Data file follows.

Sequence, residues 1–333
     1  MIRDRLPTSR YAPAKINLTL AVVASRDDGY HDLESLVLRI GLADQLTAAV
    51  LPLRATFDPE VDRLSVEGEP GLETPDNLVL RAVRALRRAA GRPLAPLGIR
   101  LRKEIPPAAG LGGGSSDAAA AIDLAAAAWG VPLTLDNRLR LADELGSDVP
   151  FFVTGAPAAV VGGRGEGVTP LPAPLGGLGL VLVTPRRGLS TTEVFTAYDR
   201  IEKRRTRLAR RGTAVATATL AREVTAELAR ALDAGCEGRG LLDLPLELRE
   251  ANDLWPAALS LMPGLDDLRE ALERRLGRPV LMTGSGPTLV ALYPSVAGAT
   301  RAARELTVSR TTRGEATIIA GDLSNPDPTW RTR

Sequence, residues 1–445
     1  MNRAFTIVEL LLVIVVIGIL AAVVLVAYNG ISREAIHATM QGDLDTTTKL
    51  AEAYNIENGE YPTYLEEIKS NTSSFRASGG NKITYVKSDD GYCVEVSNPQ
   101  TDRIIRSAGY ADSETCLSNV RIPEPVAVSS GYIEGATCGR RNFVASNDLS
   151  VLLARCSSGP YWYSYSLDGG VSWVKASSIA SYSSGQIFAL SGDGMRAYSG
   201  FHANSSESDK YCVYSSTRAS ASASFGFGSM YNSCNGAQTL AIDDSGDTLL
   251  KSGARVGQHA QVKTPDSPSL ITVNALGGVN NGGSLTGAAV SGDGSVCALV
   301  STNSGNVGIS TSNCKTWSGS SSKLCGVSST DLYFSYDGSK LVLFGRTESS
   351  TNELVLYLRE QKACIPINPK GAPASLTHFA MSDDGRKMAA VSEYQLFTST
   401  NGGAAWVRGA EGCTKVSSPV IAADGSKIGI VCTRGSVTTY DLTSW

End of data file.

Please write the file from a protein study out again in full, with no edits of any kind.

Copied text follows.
Sequence, residues 1–333
     1  MIRDRLPTSR YAPAKINLTL AVVASRDDGY HDLESLVLRI GLADQLTAAV
    51  LPLRATFDPE VDRLSVEGEP GLETPDNLVL RAVRALRRAA GRPLAPLGIR
   101  LRKEIPPAAG LGGGSSDAAA AIDLAAAAWG VPLTLDNRLR LADELGSDVP
   151  FFVTGAPAAV VGGRGEGVTP LPAPLGGLGL VLVTPRRGLS TTEVFTAYDR
   201  IEKRRTRLAR RGTAVATATL AREVTAELAR ALDAGCEGRG LLDLPLELRE
   251  ANDLWPAALS LMPGLDDLRE ALERRLGRPV LMTGSGPTLV ALYPSVAGAT
   301  RAARELTVSR TTRGEATIIA GDLSNPDPTW RTR

Sequence, residues 1–445
     1  MNRAFTIVEL LLVIVVIGIL AAVVLVAYNG ISREAIHATM QGDLDTTTKL
    51  AEAYNIENGE YPTYLEEIKS NTSSFRASGG NKITYVKSDD GYCVEVSNPQ
   101  TDRIIRSAGY ADSETCLSNV RIPEPVAVSS GYIEGATCGR RNFVASNDLS
   151  VLLARCSSGP YWYSYSLDGG VSWVKASSIA SYSSGQIFAL SGDGMRAYSG
   201  FHANSSESDK YCVYSSTRAS ASASFGFGSM YNSCNGAQTL AIDDSGDTLL
   251  KSGARVGQHA QVKTPDSPSL ITVNALGGVN NGGSLTGAAV SGDGSVCALV
   301  STNSGNVGIS TSNCKTWSGS SSKLCGVSST DLYFSYDGSK LVLFGRTESS
   351  TNELVLYLRE QKACIPINPK GAPASLTHFA MSDDGRKMAA VSEYQLFTST
   401  NGGAAWVRGA EGCTKVSSPV IAADGSKIGI VCTRGSVTTY DLTSW